Galations 5:22

But the fruit of the spirit is love, joy, peace, patience, kindness, goodness,
faithfulness, gentleness, and self-control.

Galations 5:22

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The Blackberry Vine

Wednesday, June 15, 2011

Lincoln Cake - Recipe & a little history

(please excuse the photo...rush job...bad lighting...etc...)
A friend of mine needed a Lincoln Cake for
  a large debate event.  She checked with several bakeries, but the icing was the deal guess is because it had candied fruit in it.
Just in case you haven't noticed, candied fruit is a little hard to come by in June.

She asked me if I could do it...well, you know where this is going...

She gave me a recipe and then I did a little research about this cake on my own.
Kim O'Donnel, author of A Mighty Appetite column of the Washington, had some interesting information:

The story behind the cake, says Newman, goes something like this: Back in 1825, the esteemed Marquis de Lafayette was paying a visit to Lexington, Ky., home to the upper-crust, slave-owning Todd family. In honor of the auspicious occasion, a French baker, by the name of Monsieur Giron, was commissioned to bake a cake. The almond-scented vanilla cake was such a hit, says Newman (who credits “The Lincoln Table” by Lincoln impersonator Donna McCreary for the cake story), that the Todd women “begged him for the recipe which became part of the family’s repertoire.”

Apparently, the white cake was part of Mary’s seduction tactics while she was courting one Abraham Lincoln in Springfield, Ill. in late 1839. Did Abe like the cake? “Well, he did marry her," says Newman. The couple tied the knot in 1842 in Springfield.

Newman believes that the cake remained a mainstay in the Todd Lincoln household in Springfield and even when the family moved to the White House in 1861. “She [Mary] had to do all her own cooking in Springfield,“ explains Newman. “Lincoln was poor, so they couldn't afford servants, and she came from a family that had slaves. So she had to learn how to cook on her own and take care of her house on her own.”
To read more about Newman's book, click here.

The Recipe:
1 C butter
2 C sugar
3 C flour
1 C milk
1 C finely chopped almonds
3 t. baking powder
Whites of 6 eggs
1 t vaniila

Cream butter and sugar, sift flour and baking powder together 3 times, and add to butter and sugar, alternating with the milk.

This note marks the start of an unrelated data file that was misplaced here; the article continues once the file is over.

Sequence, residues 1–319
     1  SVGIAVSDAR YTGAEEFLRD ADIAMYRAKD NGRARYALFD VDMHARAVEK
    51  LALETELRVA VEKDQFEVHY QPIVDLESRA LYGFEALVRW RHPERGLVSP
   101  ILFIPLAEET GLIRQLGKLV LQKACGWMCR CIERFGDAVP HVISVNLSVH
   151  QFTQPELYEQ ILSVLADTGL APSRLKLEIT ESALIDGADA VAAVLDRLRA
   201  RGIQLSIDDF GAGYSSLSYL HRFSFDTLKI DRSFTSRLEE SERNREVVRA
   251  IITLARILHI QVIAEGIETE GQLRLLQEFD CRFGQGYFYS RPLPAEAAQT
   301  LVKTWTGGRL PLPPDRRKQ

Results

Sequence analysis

Stir in the almonds and beat well.
(Just wanted you to see how finely chopped the almonds were...can you imagine doing this by hand?!?  Hats off to you Mrs. Lincoln!)

 Then fold in the stiffly beaten whites and the vanilla. Pour into well greased and floured pan. Can be large tube pan or 2 9x 1 1/2 inch round pans. Bake at 375 degrees for one hour or the cake tests done. The tube pan can take longer. Turn out on wire rack and cool. The tube pan makes a large cake. Then frost with white icing.

Frosting for Lincoln's Cake

2 C sugar
2 egg whites, beaten stiff with pinch of salt
1/2 C diced candied pineapple
1 C water
1 t vanilla
1/2 C crystallized cherries, cut in halves

Boil sugar and water until syrup spins a 5-inch thread (242 degrees on your candy thermometer.) Fold in slowly to the well beaten whites adding a tablespoon at a time until 4 have been used. Now add the remaining syrup slowly pouring it in a thin stream. Beat by hand until all is used and the mixture stands in peaks. Add the flavoring and fold in pineapple and cherries. Spread on the cake.

How to Make Crystallized Cherries

How to Make Candied Pineapple

Linking to:
Prairie Story Recipe Swap
Its a Keeper Thursday


Amanda Joy Petersen said...

This turned out great! It's a lot of work, but looks so worth it in the end. I like the fact that you included a little history in:)

Suzanne said...

The chopping of the nuts for the cake isn't so bad- I cannot imagine whipping egg whites by hand!
Cool history with the recipe- sounds delicious!!

Shona said...

The president of the national board said this was the best cake they have had in over 50 years of having this cake! Be prepared friend for them to come calling every year!

Ketutar said...

I own a vintage almond mill. It's a small gadget that grinds the almonds into fine meal, easy and quick. There were also egg beaters 😉


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